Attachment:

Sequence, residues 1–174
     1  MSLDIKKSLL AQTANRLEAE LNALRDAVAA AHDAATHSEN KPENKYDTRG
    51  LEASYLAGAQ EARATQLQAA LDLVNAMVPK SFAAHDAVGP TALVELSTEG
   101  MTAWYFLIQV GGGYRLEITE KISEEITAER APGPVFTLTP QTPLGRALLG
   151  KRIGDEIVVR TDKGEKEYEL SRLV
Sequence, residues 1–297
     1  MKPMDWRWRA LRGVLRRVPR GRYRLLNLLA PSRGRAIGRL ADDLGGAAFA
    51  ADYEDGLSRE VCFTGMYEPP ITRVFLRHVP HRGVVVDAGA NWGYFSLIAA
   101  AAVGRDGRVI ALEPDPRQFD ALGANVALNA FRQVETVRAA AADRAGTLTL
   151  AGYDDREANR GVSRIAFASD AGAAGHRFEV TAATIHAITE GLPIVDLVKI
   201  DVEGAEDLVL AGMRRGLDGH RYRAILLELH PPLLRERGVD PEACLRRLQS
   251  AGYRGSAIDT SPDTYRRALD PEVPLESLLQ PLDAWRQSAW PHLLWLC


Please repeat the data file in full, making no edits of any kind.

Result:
Sequence, residues 1–174
     1  MSLDIKKSLL AQTANRLEAE LNALRDAVAA AHDAATHSEN KPENKYDTRG
    51  LEASYLAGAQ EARATQLQAA LDLVNAMVPK SFAAHDAVGP TALVELSTEG
   101  MTAWYFLIQV GGGYRLEITE KISEEITAER APGPVFTLTP QTPLGRALLG
   151  KRIGDEIVVR TDKGEKEYEL SRLV
Sequence, residues 1–297
     1  MKPMDWRWRA LRGVLRRVPR GRYRLLNLLA PSRGRAIGRL ADDLGGAAFA
    51  ADYEDGLSRE VCFTGMYEPP ITRVFLRHVP HRGVVVDAGA NWGYFSLIAA
   101  AAVGRDGRVI ALEPDPRQFD ALGANVALNA FRQVETVRAA AADRAGTLTL
   151  AGYDDREANR GVSRIAFASD AGAAGHRFEV TAATIHAITE GLPIVDLVKI
   201  DVEGAEDLVL AGMRRGLDGH RYRAILLELH PPLLRERGVD PEACLRRLQS
   251  AGYRGSAIDT SPDTYRRALD PEVPLESLLQ PLDAWRQSAW PHLLWLC